This line will bring the energy for the Lightning, and lots of hits. All 3 players average more than a hit per game in limited minutes. Look for them to come out, throw their weight around and maybe draw some penalties too.
Hedman has the ability to affect the game in all facets. I’m not certain that Ruuta will be his partner, but either way, expect to see a lot of Hedman as he averaged nearly 25 minutes per night.
Both players enjoyed solid seasons this year. Shattenkirk had a bit of a resurgence in the points department, while Sergachev continues to grow and solidify as a top four defenseman.
I am not certain if they will play together 100% of the time, but both have eaten minutes for the Lightning this year, and don’t expect to see either of them on the scoresheet often.
Vasilevskiy had a down year after winning the Vezina in 2019. He is very capable, and at one point this year was almost unbeatable for ten straight games. He has something to prove after having a really poor playoff performance last year, and I expect him to perform significantly better. McElhinney has proven capable in spirts, but if the Lightning needs to use him for a significant period of time, they could be in trouble
PP 1: Stamkos - Point - Kucherov - Hedman - Johnson
PP 2: Killorn - Cirelli - Palat - Sergachev - Gourde
This was a top five unit through the regular season, scoring at a 23% clip. Expect teams to do their best to keep from putting this unit on the ice. They can be a difference-maker!
As a group, Tampa’s power play was in the top half of the league this year. They are capable of neutralizing other team’s power play on most nights.
Few teams have the star power that the Lightning have. They have a superstar at nearly every position with Stamkos, Kucherov, Hedman, and Vasilevskiy. They also have lots of depth and should be able to roll three lines and keep their top-line fresh.
If this team has a weakness, it is the lack of a true shutdown forward line, and a lack of overall grit.
When you’re top-line features the best goal scorer of their generation (maybe of all time) you always have a place to start. Backstrom does the distribution, and Wilson takes care of the dirty areas. They won’t wow you defensively, which could limit how much time they see late in games especially on the road.
This line accounted for 70 goals for the Caps this year, that is only 5% less than the top line, and in some ways, because the scoring distribution is more even, they can be more dangerous (Ovi scored nearly 60% of the goals that the first line produced).
This line will prove important for the Caps. They aren’t a real checking third line, but they can back some scoring punch. Eller might have hit the 20 goal mark, and Kovalchuk seemed rejuvenated after he left Los Angeles. It will be important that they play good defense though, so they don’t get exposed against top lines on the road.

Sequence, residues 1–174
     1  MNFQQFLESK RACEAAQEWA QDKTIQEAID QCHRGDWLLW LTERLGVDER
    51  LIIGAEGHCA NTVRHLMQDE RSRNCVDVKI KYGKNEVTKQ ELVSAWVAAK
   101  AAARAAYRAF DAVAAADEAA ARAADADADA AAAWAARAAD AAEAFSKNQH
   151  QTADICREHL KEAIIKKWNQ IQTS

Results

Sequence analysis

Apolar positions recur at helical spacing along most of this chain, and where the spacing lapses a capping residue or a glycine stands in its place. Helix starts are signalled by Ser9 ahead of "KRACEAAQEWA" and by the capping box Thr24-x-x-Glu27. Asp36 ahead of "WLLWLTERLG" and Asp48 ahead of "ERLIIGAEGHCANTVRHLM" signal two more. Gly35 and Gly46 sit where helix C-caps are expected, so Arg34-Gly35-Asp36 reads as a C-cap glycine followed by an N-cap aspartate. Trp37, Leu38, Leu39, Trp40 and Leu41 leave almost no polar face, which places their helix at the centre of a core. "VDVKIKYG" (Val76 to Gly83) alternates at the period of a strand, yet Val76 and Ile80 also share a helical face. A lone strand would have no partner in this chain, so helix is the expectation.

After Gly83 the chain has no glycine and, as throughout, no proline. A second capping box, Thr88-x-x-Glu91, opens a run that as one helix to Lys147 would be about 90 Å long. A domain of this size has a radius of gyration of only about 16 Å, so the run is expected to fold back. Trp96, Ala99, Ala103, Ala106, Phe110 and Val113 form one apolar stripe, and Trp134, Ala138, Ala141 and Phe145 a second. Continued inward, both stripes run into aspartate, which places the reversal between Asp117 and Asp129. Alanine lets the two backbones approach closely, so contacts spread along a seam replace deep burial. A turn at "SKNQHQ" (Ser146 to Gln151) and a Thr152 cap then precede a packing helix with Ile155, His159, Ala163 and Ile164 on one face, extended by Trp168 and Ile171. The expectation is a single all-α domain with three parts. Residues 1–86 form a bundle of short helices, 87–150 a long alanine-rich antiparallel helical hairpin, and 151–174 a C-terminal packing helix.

Like many fourth lines, this one will see the ice about five times per game, and they are there to bring energy and some physicality. Don’t expect to see them on the score sheet.
Believe it or not, a team with a bonafide legend, and 50 goal scorer, had defensemen lead them in scoring. Carlson was as good offensively as you will see from his position, and Kempny more than adequately held down the fort while he did so.
You don’t find much scoring punch for Dillon and Orlov, their primary purpose will be to keep the puck out of the net.
Much like Dillon and Orlov, the value of this pairing will be to eat minutes and play good defense for 15 minutes per night.
Holtby is a seasoned veteran who has been there before for the Caps but is on the backend of his career. I don’t expect him to steal any games for them. I actually expect the full-time job to be Samsonov’s by the end of the playoffs. He was the better of the two during the regular season, and he should be the goalie of the future in Washington.
PP1 Ovechkin - Backstrom - Wilson - Oshie - Carlson
PP2 Ovechkin - Kuznetsov - Vrana - Kovelchuk - Orlov
Surprisingly, the third highest-scoring team in the league was only the 17th best team on the power play. Having said that, they have all of the tools to be as good as anyone on the power-play so don’t be surprised if they get on a roll.
The Capitals had the sixth best penalty kill during the regular season. Don’t expect to see many short-handed goals from them as they play a conservative style on the PK.
Experience and depth are the biggest strengths for the Caps. They feature six twenty-goal scorers and a Norris-worthy defensemen.
Goaltending. While Holtby has won a cup, he hasn’t really been at his best since winning the Stanley Cup back in 2018. If the Caps make an early exit, I expect goalie play will be the reason.